An eye-opening narrative of the Great Anthracite Coal Strike of 1902, showing how the strike—and the violent backlash that ensued—reveal the genesis of modern policing.
In the early years of the 20th century, in the coalfields of eastern Pennsylvania, nearly 150,000 miners took part in one of the most critical events in the history of US labor organizing. The brutal response by the state of Pennsylvania–as well as the federal government–inaugurated the structure and power of policing that we know today.
In this gripping account of the Great Anthracite Coal Strike of 1902, scholar and activist David Correia takes readers through the story of the United Mine Workers of America, their struggle against systems of private policing—which were present in practically every industry in the US—and the development of public, professionalized, state-sanctioned and state-serving police.
The demands of their strike included shorter work days, higher wages, and safer conditions in the deadly mines. However, their labor was crucial to westward expansion, colonial occupations in the Caribbean and the Philippines, and many burgeoning industries in the US. To keep the fires of capitalism burning, industrialists prodded the state and federal governments to intervene. Together, they established the first uniformed police force of its kind, a model soon emulated in other states.
"David Correia has excavated a trove of forgotten or little-known history from the hard coal of Pennsylvania, culminating in the question that remains with us today— just who are the police meant to protect and serve?" —John Sayles"This terrific book documents coal operators’ violent deployment of private industrial police to infiltrate anthracite coal miners’ organizing and defeat their 1902 strike. Convinced that a public police force would ensure greater 'professionalism,' Progressive Era reformers subsequently secured taxpayer financing—and the legitimated use of violence—for state police who to this day undermine workers’ power, especially during strikes. Drawing on miners’ own words, Correia vividly brings to life this intense and far-reaching struggle. His passionate writing and fierce analysis make for historical story telling at its best. This book is vital for anyone interested in the nexus of labor, class relations, and the police power of the carceral state."—Barbara Ellen Smith, author, Digging Our Own Graves: Coal Miners and the Struggle over Black Lung Disease
"A breath of fresh air in writing the history of working people. Correia dramatically captures the drama of class warfare in the coal fields and convincingly connects attacks on labor organizing with important questions regarding the history of public and private policing in the United States."
—David Roediger, author recently of The Sinking Middle Class
Praise for An Enemy Such as This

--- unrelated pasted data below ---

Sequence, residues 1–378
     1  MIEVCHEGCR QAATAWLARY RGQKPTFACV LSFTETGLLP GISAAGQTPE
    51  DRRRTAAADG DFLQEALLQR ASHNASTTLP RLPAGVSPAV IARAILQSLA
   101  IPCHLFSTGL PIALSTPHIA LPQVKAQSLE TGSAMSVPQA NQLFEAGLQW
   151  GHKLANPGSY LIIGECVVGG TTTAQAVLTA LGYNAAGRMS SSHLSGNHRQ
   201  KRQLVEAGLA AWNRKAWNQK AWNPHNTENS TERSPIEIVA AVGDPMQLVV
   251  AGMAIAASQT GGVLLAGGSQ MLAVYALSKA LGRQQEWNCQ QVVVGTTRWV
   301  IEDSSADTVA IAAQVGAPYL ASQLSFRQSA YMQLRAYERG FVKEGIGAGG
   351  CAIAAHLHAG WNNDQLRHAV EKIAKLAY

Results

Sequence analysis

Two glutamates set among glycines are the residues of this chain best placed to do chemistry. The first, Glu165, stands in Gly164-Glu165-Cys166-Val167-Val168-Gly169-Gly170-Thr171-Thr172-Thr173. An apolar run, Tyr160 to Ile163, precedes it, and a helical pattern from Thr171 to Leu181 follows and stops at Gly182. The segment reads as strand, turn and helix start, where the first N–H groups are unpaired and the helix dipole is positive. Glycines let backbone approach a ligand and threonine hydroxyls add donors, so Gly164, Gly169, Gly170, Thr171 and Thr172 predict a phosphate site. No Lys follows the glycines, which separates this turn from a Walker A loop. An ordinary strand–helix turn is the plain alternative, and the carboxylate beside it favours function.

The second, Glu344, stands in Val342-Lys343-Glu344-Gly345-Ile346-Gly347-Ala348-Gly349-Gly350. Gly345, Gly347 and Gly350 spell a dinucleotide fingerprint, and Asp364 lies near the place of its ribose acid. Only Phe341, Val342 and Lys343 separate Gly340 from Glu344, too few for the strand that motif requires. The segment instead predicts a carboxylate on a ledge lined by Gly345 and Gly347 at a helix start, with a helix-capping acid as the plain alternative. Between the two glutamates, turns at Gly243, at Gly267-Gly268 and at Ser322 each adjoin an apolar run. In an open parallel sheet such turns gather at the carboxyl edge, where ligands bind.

"It’s been a long time since a history has touched me so deeply with its poignancy. David Correia offers a masterful original narrative that draws upon meticulous archival research and conversations and support from the Casuse family." —Jennifer Denetdale, Navajo Time
"Correia’s book is also special because in the tradition of Howard Zinn—and Mike Davis—it is a look at settler violence from the perspective of those who were affected and those who fought back. This is not the history, to paraphrase Malcolm X, of Plymouth Rock. It is the story of the people upon whom Plymouth Rock landed." —Dave Zirin, The Progressive's Best Books of 2022
“A brilliant tour de force bringing back to life the beloved Navajo militant Larry Casuse who died at the hands of Gallup, NM police. In doing so, David Correia traces the Casuse family history within a world-historical context of Western colonialism, both world wars, US wars against the Native Nations, and continued settler-colonialism and bordertown violence, propped up by US law. This is a breathtaking and original historical narrative that is also a page-turner.” —Roxanne Dunbar-Ortiz, author of Not “A Nation of Immigrants,” Settler-Colonialism, White Supremacy and a History of Erasure and Exclusion
Praise for Violent Order
"...Police: A Field Guide incisively cuts through the ‘copspeak’ all around us—the language of policing that turns cattle prods into ‘non-lethal pain compliance’ and state-sanctioned sexual assault into a ‘body-cavity search.’ With this edited collection of new essays, Correia and Tyler take us deeper still. As Violent Order brilliantly elucidates, policing is not only racist and dehumanizing—it is world making, a way of fabricating capitalist racial fictions about nature and human nature. Violent Order illuminates the very nature of policing, which makes it essential reading for moving us from reform to abolition." —Naomi Murakawa, author of The First Civil Right
"This book serves as an antidote to a range of contemporary tropes that increasingly fetishise forms of punitive-paternalism… The book also serves as a vaccine against the orthodoxy of the law-and-order mythology that has colonised almost all areas of culture and politics across the globe." —Erasmus Research